2. Delphi

One of the most stunning sites in all of Greece, in my opinion. This UNESCO World Heritage site is perched atop a mountainside and was one of the most important places in the ancient world. Travelers and heads of state would come from all over to hear the prophecies of the Pythia - Delphi's prophetess - before making big decisions. 

 

At Delphi, you can see the ruins of the Temple of Apollo, the Athenian Treasury, an ancient theater and stadium, as well as the gorgeous and unique Tholos of Athena. 

The nearby museum is a must-see, with its Naxian Sphinx and the beautiful and eerily watchful Charioteer. 

You can either make the slightly over-2 hour drive yourself or take one of the many day tours available online or from your hotel's front desk. When I last went, I saved myself the driving and got on a coach tour. Not my ideal way to travel, but sometimes I'll sacrifice independence for the convenience of letting someone else figure out the roads. And after the tour, I had plenty of time to explore at my own pace away from the crowds. 

Athens to Delphi is the longest drive of this group of day trips - about two and a half hours each way. But an early start will get you there in plenty of time to enjoy all this site has to offer, and even let you enjoy time for a meal in the charming and much-Instagrammed town of Arachova nearby. 

3. Nafplio (Nafplion)

A view from Syntagma Square, Nafplion, showing the Palamidi Fortress up on the hill.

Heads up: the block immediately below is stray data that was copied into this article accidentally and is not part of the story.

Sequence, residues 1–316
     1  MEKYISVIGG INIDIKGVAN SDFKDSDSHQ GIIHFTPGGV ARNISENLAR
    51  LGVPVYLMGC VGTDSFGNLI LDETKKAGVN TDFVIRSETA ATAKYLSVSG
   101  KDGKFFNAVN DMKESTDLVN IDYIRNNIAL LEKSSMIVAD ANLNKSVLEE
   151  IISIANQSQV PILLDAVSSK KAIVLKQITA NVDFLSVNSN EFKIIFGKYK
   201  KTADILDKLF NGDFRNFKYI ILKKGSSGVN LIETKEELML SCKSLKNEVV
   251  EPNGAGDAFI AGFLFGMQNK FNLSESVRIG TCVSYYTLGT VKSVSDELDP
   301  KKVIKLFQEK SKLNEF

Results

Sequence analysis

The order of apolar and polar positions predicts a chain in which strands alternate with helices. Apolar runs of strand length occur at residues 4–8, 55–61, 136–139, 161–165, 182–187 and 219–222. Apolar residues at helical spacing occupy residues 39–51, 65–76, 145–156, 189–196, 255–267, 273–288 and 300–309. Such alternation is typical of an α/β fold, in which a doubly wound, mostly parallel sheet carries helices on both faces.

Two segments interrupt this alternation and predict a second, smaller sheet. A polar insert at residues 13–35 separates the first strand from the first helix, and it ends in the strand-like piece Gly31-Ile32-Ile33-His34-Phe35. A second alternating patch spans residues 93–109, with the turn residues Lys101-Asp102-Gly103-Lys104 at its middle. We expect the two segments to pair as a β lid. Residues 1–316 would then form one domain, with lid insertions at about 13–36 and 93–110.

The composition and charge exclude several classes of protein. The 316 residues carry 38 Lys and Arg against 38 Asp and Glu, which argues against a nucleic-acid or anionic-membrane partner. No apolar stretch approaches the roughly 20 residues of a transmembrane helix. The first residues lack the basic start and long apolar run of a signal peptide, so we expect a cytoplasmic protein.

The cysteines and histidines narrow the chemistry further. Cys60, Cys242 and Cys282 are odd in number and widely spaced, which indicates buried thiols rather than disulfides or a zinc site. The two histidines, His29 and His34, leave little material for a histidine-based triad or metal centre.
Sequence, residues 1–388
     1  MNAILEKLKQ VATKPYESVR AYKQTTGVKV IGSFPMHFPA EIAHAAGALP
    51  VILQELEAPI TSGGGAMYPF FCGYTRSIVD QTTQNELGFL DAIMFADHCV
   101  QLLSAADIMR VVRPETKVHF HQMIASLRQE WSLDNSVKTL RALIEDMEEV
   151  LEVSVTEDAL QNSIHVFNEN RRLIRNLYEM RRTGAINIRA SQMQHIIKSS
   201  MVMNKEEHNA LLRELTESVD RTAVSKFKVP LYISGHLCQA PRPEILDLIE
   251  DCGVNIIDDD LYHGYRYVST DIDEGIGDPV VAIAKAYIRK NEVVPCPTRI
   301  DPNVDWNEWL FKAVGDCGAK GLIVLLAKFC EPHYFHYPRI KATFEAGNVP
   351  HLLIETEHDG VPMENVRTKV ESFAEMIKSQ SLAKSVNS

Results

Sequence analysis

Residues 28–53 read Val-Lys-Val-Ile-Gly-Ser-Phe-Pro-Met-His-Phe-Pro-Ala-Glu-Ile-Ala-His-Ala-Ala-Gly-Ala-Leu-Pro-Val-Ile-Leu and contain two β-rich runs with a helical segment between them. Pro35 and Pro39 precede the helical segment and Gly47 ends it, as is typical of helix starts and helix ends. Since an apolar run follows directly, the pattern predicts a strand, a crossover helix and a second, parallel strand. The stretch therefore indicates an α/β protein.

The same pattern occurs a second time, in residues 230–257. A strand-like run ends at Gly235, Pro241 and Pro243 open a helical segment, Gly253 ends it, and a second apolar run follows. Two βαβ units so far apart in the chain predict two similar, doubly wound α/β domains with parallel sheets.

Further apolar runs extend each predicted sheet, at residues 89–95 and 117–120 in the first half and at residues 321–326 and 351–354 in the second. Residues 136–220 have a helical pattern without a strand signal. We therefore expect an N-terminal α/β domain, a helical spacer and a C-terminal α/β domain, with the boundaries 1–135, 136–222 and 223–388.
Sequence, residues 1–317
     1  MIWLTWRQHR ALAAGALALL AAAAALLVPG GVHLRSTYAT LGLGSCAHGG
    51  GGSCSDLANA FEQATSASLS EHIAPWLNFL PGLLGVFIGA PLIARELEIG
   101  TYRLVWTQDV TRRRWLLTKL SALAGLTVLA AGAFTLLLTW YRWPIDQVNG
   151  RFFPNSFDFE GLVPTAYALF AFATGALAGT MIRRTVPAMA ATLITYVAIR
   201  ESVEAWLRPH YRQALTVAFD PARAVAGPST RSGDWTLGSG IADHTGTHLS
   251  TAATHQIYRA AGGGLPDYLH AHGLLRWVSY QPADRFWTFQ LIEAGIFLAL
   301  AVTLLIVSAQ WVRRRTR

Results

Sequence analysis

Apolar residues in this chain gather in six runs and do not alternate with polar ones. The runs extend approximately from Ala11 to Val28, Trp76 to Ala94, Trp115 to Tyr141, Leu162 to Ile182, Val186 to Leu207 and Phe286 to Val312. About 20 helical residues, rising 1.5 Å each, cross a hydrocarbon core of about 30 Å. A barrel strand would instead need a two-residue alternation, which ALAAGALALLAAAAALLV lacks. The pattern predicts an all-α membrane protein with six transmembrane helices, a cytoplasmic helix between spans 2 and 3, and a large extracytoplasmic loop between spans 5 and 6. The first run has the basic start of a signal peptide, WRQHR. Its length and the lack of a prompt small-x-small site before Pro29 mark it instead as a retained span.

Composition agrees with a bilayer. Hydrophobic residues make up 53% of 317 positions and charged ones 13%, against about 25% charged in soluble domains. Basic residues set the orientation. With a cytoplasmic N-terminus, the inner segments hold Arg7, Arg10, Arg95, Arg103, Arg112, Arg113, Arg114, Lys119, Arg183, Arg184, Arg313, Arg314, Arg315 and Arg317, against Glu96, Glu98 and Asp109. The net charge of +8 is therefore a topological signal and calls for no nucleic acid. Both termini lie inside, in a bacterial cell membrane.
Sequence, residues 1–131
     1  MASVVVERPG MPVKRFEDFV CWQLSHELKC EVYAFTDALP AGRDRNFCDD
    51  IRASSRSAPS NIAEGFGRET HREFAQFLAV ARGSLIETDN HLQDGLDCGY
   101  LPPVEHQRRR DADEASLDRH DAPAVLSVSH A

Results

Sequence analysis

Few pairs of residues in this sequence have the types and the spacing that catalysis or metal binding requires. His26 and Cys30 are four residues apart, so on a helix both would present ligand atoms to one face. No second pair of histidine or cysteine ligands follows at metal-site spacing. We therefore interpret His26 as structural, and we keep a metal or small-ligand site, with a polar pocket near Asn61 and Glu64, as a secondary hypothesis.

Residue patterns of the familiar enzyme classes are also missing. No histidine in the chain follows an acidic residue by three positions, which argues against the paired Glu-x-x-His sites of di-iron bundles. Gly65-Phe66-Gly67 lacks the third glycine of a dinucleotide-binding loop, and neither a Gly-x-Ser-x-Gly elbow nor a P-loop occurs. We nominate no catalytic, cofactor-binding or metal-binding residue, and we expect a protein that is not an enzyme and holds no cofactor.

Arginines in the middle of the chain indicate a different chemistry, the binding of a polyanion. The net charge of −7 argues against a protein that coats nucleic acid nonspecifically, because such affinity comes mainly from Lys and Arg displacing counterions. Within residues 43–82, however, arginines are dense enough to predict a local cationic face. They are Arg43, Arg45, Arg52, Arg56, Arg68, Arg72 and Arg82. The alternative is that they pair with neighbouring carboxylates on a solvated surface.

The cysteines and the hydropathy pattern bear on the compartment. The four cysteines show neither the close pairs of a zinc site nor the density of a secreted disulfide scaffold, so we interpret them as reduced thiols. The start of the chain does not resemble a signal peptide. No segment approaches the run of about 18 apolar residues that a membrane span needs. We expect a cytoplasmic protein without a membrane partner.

If you've spent any time on this website, you probably know how much I love Nafplio

 

The city was modern Greece's first capital, and in recent years had undergone some gorgeous improvements, making it a wonderful place to stroll. It has three castles - the Palamidi, Acronafplia, and the Bourzti. Two are on hills and one is out in the harbor. You can explore all of them, including the Bourtzi, which had been closed for long renovations but is now open to visitors. 

The Bourtzi as seen from the Palamidi Fortress.

Explore the tiny shops in the old town, where you can buy everything from jewelry to handmade komboloi, or worry beads. Stop at one of the many colorful tavernas for some meze or coffee. 

It's a photographer's delight, too. Wonderfully textured old walls, rambling vines, sprays of bougainvillea draping overhead from one side of the street to the other, and the occasional Ottoman fixture all make for great shots. And that's even before you get to the harbor and the view of the Bourtzi castle and the Gulf of Argos!

You can either drive, take an excursion or go by bus. It's a little under or a little over two hours, depending on how you travel

 

4. Epidavros

Epidavros - sometimes spelled Epidaurus.

Photo by Unsplash

If you plan your time and transportation right, you can combine Epidavros and Nafplio, as they're fairly close to each other.